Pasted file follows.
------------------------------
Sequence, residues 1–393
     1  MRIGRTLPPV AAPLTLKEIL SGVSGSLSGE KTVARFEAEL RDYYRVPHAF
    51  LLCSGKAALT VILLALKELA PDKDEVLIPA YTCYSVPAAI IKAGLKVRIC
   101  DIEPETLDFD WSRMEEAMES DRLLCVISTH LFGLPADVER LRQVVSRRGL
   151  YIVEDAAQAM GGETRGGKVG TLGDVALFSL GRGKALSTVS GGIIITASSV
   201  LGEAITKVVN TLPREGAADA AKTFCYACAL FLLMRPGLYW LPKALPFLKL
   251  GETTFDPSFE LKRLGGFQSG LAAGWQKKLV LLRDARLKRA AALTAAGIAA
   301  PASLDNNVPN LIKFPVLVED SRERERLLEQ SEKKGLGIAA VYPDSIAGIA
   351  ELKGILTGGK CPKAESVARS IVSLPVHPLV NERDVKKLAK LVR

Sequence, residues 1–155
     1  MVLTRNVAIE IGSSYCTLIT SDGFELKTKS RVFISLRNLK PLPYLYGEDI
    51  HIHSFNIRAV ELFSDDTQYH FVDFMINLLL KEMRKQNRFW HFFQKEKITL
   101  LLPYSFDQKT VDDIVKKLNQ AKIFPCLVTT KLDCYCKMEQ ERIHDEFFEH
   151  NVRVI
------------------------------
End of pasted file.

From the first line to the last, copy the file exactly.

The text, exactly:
Sequence, residues 1–393
     1  MRIGRTLPPV AAPLTLKEIL SGVSGSLSGE KTVARFEAEL RDYYRVPHAF
    51  LLCSGKAALT VILLALKELA PDKDEVLIPA YTCYSVPAAI IKAGLKVRIC
   101  DIEPETLDFD WSRMEEAMES DRLLCVISTH LFGLPADVER LRQVVSRRGL
   151  YIVEDAAQAM GGETRGGKVG TLGDVALFSL GRGKALSTVS GGIIITASSV
   201  LGEAITKVVN TLPREGAADA AKTFCYACAL FLLMRPGLYW LPKALPFLKL
   251  GETTFDPSFE LKRLGGFQSG LAAGWQKKLV LLRDARLKRA AALTAAGIAA
   301  PASLDNNVPN LIKFPVLVED SRERERLLEQ SEKKGLGIAA VYPDSIAGIA
   351  ELKGILTGGK CPKAESVARS IVSLPVHPLV NERDVKKLAK LVR

Sequence, residues 1–155
     1  MVLTRNVAIE IGSSYCTLIT SDGFELKTKS RVFISLRNLK PLPYLYGEDI
    51  HIHSFNIRAV ELFSDDTQYH FVDFMINLLL KEMRKQNRFW HFFQKEKITL
   101  LLPYSFDQKT VDDIVKKLNQ AKIFPCLVTT KLDCYCKMEQ ERIHDEFFEH
   151  NVRVI